pseudofrom: optional This allows specification of a mailbox with a domain that matches the hostname such as do_not_reply@somedomain.com. The advantage is that it will pass through spam filters more easily.
repliesto: optional In conjunction with pseudofrom, this field allows specification of an additional email address to receive replies. Starting with version 1.18b, formmail automatically inserts a reply-to header with both the recipient’s email and the sender’s email so that either person receiving it (the form recipient or the form sender via CC) can easily reach out to the other.
bcc: optional Identical to recipient except the email address(es) will not be disclosed to any joint bcc recipients or to a visitor who selected cc.

STYLING OUTPUT

The html generated by FormMail++ is accessible via css. The id and class references below allow the user to fully customize the appearance of the returned html. These identifiers can be used to suppress output via a “display:none” property (i.e. hiding the separator and/or the blank field rows). Similarly, if all that is desired is a success message, simply hide the entire table. Likewise, to use a disposition message, use css to hide the default disposition. Both <link> and <style> declarations in the form page’s <head> section will work, but a linked style sheet might require a htmlbase declaration if it is in a different folder.


p#disposition
The first line containing the success or failure message.

ol#error
The container for listing invalid form fields.
ol#error li.error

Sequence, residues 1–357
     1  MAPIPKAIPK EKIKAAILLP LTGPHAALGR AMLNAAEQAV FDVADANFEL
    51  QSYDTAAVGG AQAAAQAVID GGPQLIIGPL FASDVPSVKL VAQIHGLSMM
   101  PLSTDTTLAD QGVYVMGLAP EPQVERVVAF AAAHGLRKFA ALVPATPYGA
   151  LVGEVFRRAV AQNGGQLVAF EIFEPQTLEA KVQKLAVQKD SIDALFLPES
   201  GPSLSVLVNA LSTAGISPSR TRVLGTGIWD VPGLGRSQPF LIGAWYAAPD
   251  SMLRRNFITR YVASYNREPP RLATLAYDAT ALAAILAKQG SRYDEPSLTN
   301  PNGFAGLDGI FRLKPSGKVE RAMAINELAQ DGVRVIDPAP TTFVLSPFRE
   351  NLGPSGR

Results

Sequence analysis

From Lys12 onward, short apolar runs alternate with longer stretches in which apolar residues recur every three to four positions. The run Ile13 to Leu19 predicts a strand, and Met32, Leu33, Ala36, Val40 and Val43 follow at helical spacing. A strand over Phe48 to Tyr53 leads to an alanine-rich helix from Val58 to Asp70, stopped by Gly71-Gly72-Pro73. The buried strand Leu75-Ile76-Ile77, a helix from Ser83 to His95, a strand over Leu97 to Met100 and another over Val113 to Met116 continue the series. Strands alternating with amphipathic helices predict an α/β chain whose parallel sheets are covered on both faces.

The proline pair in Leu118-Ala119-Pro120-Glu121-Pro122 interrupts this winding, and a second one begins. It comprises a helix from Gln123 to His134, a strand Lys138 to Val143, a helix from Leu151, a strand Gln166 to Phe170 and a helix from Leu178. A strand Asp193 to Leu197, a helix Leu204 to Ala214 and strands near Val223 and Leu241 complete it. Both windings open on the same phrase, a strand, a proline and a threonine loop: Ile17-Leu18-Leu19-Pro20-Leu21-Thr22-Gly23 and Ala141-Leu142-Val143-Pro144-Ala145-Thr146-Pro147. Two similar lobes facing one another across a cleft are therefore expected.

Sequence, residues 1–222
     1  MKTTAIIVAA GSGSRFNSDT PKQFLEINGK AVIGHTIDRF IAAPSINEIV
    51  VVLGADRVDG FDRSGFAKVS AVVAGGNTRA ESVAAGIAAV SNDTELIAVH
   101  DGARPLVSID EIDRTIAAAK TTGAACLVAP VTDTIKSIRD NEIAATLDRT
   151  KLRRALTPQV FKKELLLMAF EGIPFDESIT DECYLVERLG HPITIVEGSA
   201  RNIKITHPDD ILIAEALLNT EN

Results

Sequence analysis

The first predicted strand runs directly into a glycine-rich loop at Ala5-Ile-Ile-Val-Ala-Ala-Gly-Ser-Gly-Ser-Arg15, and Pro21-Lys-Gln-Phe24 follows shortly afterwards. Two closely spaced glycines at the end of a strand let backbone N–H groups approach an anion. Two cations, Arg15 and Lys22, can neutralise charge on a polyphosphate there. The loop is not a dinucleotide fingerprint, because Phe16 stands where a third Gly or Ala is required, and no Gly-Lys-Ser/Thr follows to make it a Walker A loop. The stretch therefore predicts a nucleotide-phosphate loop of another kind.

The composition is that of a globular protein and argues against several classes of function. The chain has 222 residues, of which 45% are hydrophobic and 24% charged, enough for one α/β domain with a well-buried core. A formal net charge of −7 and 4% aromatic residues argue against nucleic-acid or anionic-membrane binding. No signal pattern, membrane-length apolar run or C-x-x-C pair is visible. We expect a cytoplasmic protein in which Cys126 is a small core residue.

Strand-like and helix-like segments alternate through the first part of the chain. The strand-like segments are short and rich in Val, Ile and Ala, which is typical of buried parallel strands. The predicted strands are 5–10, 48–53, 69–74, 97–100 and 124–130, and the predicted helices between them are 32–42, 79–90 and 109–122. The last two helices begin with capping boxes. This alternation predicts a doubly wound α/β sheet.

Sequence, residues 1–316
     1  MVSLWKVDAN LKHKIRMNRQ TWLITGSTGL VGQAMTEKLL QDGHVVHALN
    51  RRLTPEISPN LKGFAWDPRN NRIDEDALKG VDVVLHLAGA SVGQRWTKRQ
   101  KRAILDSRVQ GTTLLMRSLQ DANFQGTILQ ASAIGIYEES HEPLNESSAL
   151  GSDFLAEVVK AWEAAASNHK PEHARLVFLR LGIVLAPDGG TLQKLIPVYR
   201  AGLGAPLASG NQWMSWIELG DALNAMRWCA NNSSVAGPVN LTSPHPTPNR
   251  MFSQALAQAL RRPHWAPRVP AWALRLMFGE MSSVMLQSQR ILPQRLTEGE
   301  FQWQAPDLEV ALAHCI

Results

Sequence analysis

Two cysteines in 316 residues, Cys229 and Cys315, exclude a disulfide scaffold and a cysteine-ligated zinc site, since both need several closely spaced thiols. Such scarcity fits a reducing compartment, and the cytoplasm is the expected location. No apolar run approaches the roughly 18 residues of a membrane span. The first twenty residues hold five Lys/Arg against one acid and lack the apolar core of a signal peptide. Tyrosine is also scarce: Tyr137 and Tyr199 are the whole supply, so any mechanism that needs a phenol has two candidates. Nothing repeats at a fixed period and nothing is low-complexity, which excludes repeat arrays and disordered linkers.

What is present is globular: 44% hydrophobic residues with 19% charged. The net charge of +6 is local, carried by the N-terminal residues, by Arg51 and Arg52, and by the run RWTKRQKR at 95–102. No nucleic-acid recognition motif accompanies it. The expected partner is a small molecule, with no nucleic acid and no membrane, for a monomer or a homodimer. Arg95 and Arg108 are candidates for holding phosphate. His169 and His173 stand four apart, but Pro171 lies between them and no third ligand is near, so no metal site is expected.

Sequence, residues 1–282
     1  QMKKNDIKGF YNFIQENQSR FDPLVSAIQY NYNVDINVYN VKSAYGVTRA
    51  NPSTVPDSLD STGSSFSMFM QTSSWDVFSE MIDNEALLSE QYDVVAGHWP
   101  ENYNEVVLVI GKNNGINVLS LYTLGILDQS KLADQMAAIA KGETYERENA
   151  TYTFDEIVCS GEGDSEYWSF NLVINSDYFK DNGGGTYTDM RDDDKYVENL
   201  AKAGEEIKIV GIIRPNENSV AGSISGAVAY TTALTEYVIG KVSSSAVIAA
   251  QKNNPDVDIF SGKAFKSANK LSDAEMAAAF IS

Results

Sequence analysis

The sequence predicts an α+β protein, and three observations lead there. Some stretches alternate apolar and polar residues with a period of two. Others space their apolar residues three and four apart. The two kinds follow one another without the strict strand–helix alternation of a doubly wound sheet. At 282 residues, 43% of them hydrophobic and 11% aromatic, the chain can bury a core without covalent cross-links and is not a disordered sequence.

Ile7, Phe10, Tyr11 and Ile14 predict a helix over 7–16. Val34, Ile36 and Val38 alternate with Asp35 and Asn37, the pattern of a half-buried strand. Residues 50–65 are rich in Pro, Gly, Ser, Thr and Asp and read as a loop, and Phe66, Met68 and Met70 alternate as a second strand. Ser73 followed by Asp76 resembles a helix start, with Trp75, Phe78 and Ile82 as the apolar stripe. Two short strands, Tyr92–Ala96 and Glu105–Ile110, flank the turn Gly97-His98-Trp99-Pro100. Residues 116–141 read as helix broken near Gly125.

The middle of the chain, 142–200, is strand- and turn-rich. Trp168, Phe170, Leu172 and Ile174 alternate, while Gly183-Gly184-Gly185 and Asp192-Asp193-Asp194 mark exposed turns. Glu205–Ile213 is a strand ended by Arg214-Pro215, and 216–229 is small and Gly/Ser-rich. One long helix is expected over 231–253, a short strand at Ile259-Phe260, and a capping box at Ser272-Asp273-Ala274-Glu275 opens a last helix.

The enumerated invalid fields.

table#cgi
The table displaying the successfully-submitted data.
table#cgi tr.record
The row containing printed fields and values.
table#cgi tr.record td.field
The cell containing the field name (first/left column).
table#cgi tr.record td.value
The cell containing the field’s value (second/right column).
table#cgi tr.separator
The row separating submitted fields from blank fields.
table#cgi tr.blanks
The row containing fields with empty values.
table#cgi tr.blanks td.field
The cell containing the field name (first/left column).
table#cgi tr.blanks td.value
An empty cell (second/right column).

For run-time efficiency, the confirmation data is outputted as a massive string, but users can also choose to line-wrap the returned html by setting 10000 to a lower value of choice (but this will prolong processing time).

PERMISSIBLE USE

FormMail++ is released by John Woodruff Semantics (a sole proprietorship). Any private person, sole proprietorship, or non-profit entity may use FormMail++ without cost as long as the following conditions are satisfied:

  • users may customize the script, but users shall not sell the modified code.
  • users shall not redistribute nor mirror the script (except for customizations, which may be redistributed).
  • users shall not delete attributions of authorship, but users may add personal attributions relating to their installations and customizations.
  • users shall not use FormMail++ for direct monetary gain, but may use FormMail++ in conjunction with activities that result in monetary gain so long as such gain results from the regular and customary activities. (Example: an individual or club website that sells promotional merchandise, but is not itself a retailer, and uses the script to transmit merchandise orders).

To obtain permission to use FormMail++ in a different manner, please contact the developer. This also applies to individual web developers wanting a contact form handler for their client sites. Permission may be free or a very nominal amount depending on the intended use.